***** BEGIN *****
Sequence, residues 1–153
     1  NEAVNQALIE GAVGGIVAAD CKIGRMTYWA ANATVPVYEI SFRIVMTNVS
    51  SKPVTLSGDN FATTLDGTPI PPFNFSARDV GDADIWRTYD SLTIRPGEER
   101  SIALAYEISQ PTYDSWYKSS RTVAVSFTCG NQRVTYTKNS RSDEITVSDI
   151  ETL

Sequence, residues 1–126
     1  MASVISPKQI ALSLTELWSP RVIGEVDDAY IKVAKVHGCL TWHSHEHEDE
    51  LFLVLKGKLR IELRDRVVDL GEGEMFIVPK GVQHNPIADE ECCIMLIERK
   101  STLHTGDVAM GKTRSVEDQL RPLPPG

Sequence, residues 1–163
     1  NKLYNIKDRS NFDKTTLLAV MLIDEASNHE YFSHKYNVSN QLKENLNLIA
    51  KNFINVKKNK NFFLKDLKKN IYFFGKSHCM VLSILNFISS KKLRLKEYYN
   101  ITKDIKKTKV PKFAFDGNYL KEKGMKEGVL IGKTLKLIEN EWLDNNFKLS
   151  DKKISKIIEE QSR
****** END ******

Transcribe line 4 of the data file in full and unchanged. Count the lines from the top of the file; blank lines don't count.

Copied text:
   101  SIALAYEISQ PTYDSWYKSS RTVAVSFTCG NQRVTYTKNS RSDEITVSDI